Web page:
Has the formation of the RTA opened Pandora's Box?

What is the purpose of the Race Team Alliance?

The Teamsters Union

The Professional Drivers Association 

The Race Team Alliance

These three orginzations all share one common factor that was the catalyst to their creation; getting something out of NASCAR that they couldn't get on their own. The first two were killed off by NASCAR's founder Bill France in the 1960's. The third just now came into being.

The RTA claims not to be a union, and I can understand not wanting to be associated with such a title. Unions and NASCAR mix just about as well as oil and water do, in case you didn't know.

By definition though, a union is 'an organized association of workers formed to protect and further their rights and interests.' Is the RTA not an organized group of team owners that's purpose is to protect and further their rights and interests in NASCAR? Just saying...

Now don't mistake me for one of those who erroneously believe that the formation of the RTA will destroy the sport and lead to the the end of a NASCAR, or a split similar to CART and IndyCar. I doubt they will have such a pernicious effect on the sport.

To put it plainly, this group was formed in order to help owners achieve what they failed to on their own. It's almost like they suddenly realized that if they stood together, they would have more leverage when trying to attain what they want.

Now that's the question, isn't it? What does the RTA want? 

What does the RTA want?

RTA chairman Rob Kauffman made it very clear that the RTA does not wish to be controversial or confrontational with NASCAR.

What the RTA is pushing for is simple. They want a piece of NASCAR's pie in order to help their teams not just survive, but flourish. The way it is now, every team is held up primarily by sponsorship funds. Even for teams the size of Gibbs and Roush, losing one major sponsor with no replacement lined up could severely wound them, and it would be years before they fully recovered. For smaller teams, it would most certainly lead to their demise.

Remember during the Recession when we saw a rash of team mergers? It was the only way they could make it, but even that wasn't enough to save legendary race teams such as DEI and Petty Enterprises.

The RTA has yet to reveal their full agenda and still being in their infancy, that is understandable. From Kauffman's comments however, we can gather that they will push for a piece of the the new TV deal with NBC and FOX that recently came together. They also want to work with the powers that be to save money on travel and testing. Nothing wrong with that.

Where it might all go wrong

But this is where it might all go wrong. These intentions seem honest, and they are, but we may have, as the title suggests, just opened Pandora's Box. This isn't the year 1969. The stakes are a lot higher now. There are millions of people involved, billions of dollars invested, and everybody wants to get their hands in the cookie jar.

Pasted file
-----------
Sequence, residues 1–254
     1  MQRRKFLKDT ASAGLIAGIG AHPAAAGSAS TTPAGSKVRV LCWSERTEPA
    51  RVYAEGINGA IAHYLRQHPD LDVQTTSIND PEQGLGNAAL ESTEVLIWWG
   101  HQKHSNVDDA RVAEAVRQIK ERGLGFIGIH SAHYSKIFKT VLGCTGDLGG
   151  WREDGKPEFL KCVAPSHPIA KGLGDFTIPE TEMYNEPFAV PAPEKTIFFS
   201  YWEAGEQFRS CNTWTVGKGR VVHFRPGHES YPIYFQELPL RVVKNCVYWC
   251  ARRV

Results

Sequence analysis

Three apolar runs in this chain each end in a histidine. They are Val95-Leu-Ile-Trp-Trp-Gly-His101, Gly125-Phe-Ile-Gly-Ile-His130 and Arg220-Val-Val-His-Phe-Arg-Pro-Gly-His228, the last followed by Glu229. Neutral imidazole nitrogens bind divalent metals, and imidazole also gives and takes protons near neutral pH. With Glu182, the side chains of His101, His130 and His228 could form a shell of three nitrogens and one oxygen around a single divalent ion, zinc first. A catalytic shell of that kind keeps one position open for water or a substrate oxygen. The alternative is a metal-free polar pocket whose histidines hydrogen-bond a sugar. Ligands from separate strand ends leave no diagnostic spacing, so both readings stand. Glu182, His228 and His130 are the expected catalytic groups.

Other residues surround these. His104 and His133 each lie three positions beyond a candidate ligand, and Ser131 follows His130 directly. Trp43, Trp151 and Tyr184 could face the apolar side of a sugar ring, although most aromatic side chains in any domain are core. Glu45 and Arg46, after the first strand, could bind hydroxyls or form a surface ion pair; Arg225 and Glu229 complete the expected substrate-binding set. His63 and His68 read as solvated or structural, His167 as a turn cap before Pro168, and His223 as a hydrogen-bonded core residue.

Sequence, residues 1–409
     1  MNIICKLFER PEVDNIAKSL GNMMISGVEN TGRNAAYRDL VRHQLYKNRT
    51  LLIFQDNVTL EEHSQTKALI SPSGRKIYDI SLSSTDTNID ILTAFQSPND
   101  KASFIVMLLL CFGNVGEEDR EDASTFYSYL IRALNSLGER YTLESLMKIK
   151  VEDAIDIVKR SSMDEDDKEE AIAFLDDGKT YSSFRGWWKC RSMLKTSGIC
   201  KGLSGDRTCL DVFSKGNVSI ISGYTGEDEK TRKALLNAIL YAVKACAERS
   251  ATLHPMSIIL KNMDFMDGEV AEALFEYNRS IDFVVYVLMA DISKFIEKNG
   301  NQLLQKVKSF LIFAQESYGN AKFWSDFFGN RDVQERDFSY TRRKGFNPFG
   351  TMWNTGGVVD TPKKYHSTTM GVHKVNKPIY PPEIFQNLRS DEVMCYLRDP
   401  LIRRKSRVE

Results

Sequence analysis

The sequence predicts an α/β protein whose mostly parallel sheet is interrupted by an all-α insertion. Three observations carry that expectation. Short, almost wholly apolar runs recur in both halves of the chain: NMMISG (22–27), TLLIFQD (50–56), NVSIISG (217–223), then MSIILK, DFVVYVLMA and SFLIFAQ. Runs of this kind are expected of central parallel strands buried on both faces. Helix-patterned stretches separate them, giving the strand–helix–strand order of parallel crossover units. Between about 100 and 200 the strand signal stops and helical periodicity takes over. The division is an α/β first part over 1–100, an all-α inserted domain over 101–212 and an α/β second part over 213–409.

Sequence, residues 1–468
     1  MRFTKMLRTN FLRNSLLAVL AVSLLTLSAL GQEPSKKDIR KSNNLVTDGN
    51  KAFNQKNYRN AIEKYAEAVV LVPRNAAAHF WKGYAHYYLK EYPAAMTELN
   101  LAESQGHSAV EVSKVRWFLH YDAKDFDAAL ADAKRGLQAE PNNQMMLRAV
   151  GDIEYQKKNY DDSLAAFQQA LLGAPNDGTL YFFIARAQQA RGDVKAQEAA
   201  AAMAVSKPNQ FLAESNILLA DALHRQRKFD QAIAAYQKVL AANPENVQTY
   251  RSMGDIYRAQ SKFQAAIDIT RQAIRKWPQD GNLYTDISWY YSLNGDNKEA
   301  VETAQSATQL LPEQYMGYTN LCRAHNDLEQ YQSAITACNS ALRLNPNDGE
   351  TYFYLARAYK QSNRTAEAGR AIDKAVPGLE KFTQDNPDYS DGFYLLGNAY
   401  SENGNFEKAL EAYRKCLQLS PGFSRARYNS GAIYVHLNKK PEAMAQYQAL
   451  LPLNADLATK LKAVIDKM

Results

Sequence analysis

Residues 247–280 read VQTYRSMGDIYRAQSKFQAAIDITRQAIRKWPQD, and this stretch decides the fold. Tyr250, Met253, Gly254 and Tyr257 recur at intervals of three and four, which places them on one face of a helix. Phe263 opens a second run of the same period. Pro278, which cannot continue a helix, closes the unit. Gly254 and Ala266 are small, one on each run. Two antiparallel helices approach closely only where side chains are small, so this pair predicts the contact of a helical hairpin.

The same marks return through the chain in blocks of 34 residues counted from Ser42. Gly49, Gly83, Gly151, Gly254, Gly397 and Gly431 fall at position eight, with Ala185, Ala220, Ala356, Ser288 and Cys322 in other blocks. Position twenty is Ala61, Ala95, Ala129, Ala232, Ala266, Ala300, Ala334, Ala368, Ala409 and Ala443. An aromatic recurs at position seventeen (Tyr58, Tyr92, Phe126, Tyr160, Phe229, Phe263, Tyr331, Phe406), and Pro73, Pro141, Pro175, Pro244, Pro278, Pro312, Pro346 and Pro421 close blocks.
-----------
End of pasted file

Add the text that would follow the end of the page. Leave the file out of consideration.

Their intentions are sincere, I believe that. But just like anything else, there's the potential for it to all go very wrong. What happens when NASCAR says no to one of their proposals? They aren't just going to take that answer anymore. They don't need to now that they've joined forces. What happens when they start butting heads and the relationship between the two parties is strained?

Remember that little phrase that NASCAR somtimes uses on drivers who step out of line; 'you need us more than we need you?' Well, unless the RTA gets what they want, they're liable to throw that very same line back in NASCAR's face. 

As I stated earlier, I highly doubt it would escalate to this, but the potential is always there. NASCAR runs the sport, but these teams/drivers are the reason why people watch and the reason why sponsors pour money into it. NASCAR has always been run as a democratic dictatorship of sorts. It's kind of like, 'we want to hear what you have to say, but we're still going to do what we want if we don't like your idea.' Now they no longer have complete control over their sport. Their power is suddenly being challenged.

The RTA is the equivalent of a nuclear deterrent, created by the most powerful team owners in the sport. Do what we want, or we might push the button. They'd most likely never do it, but they always could, and NASCAR knows it.

The balance of power in the sport of NASCAR is shifting, and it's anyone's guess as to how this is all going to shake out.

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Series NASCAR-CUP
Article type Analysis
Tags race team alliance, rta